Virtual simulations of seasonal airflow, solar patterns, and rainfall were carried out. In industry parlance, this is called the “parametric design process” in which nature provides quantitative data used to shape design. Using modeling software called Rhino, in which users can “plug in” different sets of technical data, the team simulated solar activity, enabling them to not only gauge the intensity of the sun on the proposed glass and steel canopy, but to begin predicting the patterns of the wind around it. “The capacity of the computer to simulate and propose geometries is moving fast,” says Dutton, who welcomes increased use of computing power in the design practice. “Parametric design helps us to keep the message clear.” According to Dutton, data and design are inseparable. Technical know-how is talent. In the hot-headed world of deep-pocket development, the ability to scientifically support your own design choices is a powerful weapon. Armed with this, Dutton boldly moved forward with his design thesis: The structure of the Climate Ribbon must capture the trade winds. “I grew up in Jamaica,” he says. “My father was a planter and our home was a rambling house on a hill, surrounded by verandas with jalousie [slatted] windows. In the summer months, trade winds sent cool breezes through the house. I envisioned our canopy this way—as a corridor for the wind.” The trade winds affecting Miami are, in fact, predictable. They consistently blow in from the east, inland. Having studied these patterns, Dutton realized his advantage: Southeast 8th Street provides an optimal wind corridor for the summertime trade winds directly from the sea toward the Brickell City Centre development. The question was how to capture and steer them.
At first, HDA played with the idea of using solar panels on top of the canopy, but scratched it because it would have been too dark for their open-air sculpture. “People put solar panels on buildings, just so they can say ‘we’re green buildings.’ But there’s another, far more expressive approach to sustainable design,”Dutton says. His complex solution to energy-efficient cooling is a flexible modular system involving an intricate interaction between the wind, fiberglass blade scoops, and spoiler exits, all working to channel air in a specific direction. But at this point, it was all still a prediction. HDA needed empirical proof. Having convinced Arquitectonica of this absolute necessity, Dutton traveled to the Canadian town of Guelph, Ontario, in September 2011, to meet with top wind specialists at RWDI, an environmental engineering consulting firm there. A 24-foot wind tunnel equipped with acceleration channels, speed sensors, and pressure gauges provided Dutton with the perfect experimental laboratory to test his theories. First, RWDI used 3-D printing technology to build a model of Brickell City Centre and the Climate Ribbon. It was made out of plastic. Using this wind tunnel, dynamic simulations were made to measure airspeed, temperature, and comfort conditions upon the structure. At one point during this process, engineers added smoke to the wind tunnel so they could clearly see exactly where the wind wanted to go. After multiple days and simulations, HDA knew exactly how to position the canopy for the optimal capture of southeastern trade winds.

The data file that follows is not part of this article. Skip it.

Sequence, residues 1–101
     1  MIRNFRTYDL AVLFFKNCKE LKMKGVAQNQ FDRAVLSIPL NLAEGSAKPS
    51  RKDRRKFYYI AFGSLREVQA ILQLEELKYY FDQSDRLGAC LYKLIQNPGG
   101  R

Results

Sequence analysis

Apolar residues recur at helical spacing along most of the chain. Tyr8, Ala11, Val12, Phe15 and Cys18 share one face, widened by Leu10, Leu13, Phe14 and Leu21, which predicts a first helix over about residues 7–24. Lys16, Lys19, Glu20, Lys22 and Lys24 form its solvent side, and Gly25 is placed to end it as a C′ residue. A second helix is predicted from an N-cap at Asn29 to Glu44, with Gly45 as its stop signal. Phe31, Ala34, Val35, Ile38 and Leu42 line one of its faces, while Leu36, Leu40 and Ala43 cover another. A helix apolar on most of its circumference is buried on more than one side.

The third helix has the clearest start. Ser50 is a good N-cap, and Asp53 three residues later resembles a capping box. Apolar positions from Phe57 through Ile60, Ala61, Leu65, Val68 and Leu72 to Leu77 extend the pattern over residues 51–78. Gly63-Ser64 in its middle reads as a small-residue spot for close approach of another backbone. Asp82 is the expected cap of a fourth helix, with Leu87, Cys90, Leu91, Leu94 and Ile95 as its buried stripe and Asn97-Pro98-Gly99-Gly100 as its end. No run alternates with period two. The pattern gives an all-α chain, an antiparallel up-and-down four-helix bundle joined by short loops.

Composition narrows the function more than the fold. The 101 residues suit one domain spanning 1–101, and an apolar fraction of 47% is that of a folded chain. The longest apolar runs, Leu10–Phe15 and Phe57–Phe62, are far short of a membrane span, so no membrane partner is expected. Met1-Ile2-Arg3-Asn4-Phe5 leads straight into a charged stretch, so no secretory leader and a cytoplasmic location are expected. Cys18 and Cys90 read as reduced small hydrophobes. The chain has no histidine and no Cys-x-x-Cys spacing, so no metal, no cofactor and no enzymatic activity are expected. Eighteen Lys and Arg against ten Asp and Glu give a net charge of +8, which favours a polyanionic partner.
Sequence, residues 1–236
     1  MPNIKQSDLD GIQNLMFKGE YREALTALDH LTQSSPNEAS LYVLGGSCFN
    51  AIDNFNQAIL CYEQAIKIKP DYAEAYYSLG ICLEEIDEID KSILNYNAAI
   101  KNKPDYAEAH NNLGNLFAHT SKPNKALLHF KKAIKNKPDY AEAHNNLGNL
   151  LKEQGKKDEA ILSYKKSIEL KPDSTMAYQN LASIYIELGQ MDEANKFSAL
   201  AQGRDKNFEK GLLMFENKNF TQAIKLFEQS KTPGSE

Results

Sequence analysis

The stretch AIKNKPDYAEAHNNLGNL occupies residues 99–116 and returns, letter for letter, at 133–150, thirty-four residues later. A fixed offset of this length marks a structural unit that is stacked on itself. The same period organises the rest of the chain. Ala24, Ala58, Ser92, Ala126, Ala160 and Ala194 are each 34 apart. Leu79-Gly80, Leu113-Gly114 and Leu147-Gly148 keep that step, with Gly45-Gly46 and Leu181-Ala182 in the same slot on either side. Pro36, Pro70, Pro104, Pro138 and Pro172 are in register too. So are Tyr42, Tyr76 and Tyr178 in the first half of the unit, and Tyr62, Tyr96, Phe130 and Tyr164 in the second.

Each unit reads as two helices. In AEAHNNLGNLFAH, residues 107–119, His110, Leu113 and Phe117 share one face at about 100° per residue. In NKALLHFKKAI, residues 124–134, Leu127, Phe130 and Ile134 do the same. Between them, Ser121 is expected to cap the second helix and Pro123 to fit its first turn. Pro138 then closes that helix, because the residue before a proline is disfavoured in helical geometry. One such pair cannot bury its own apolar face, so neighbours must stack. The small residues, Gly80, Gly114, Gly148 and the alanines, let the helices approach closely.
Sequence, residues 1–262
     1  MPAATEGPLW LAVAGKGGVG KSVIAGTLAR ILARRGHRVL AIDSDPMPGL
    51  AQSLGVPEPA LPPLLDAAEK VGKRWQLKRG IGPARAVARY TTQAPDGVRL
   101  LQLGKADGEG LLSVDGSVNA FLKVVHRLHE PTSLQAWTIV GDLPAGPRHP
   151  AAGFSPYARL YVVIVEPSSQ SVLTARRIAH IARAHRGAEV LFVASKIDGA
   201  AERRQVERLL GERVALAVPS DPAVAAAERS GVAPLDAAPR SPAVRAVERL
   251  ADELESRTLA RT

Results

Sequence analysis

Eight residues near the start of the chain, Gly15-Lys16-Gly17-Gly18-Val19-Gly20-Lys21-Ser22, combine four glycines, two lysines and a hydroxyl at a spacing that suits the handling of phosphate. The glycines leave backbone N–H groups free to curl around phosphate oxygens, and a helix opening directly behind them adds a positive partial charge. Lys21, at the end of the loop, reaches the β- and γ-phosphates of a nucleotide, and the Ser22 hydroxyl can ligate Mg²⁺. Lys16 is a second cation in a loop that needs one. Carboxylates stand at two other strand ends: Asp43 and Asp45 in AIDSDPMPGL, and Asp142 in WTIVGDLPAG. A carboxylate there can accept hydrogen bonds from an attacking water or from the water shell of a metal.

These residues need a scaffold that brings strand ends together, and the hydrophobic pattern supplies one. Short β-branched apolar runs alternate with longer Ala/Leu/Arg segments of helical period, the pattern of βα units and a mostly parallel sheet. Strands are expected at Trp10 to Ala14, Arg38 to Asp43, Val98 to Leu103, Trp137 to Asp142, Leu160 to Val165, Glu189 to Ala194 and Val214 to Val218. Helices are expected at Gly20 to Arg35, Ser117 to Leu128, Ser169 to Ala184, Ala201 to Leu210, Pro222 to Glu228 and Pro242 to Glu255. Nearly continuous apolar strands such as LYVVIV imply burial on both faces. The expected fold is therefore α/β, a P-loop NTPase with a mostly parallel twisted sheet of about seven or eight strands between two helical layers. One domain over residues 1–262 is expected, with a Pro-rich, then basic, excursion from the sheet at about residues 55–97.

After the first wind test in Canada, designers shifted focus to structural safety. Supporting the Climate Ribbon’s full weight of approximately 1,000 tons demanded their full attention. Three separate layers were created to support this structure, including steel framing, a glass covering, and a series of strong blades made of “architectural fabric” (a.k.a. PTFE synthetic resin) suspended beneath. Raising the stakes, the Climate Ribbon also had to jump between three different buildings on three distinct city blocks. To safely achieve this degree of independence, HDA’s composition of triangular glass modules is laid out on a steel grid shell, like a series of tectonic plates that shift imperceptibly. “Geometry is fundamental in all our work,” Dutton says. “It’s all about understanding geometry in three dimensions, and putting that to work for you.” Underneath this transparent surface, curved fiberglass louvers act as powerful reinforcements. Separated by negative space, these allow the entire structure to breathe and dance. The resulting design is a luminous, wavy canopy that blocks the sun’s direct heat and provides shelter from the rain—bending and stretching, like a living plant seeking sunlight. From one perspective, the Climate Ribbon can be seen as a technical exercise, the beneficiary of advanced computational design. From another, it is a work of art, intended to make a statement about nature, wind, and sunlight. For Dutton, the message is clear: “We have an obligation to mankind and the environment to make our designs beautiful and in harmony with nature. To do this, we must understand her forces.”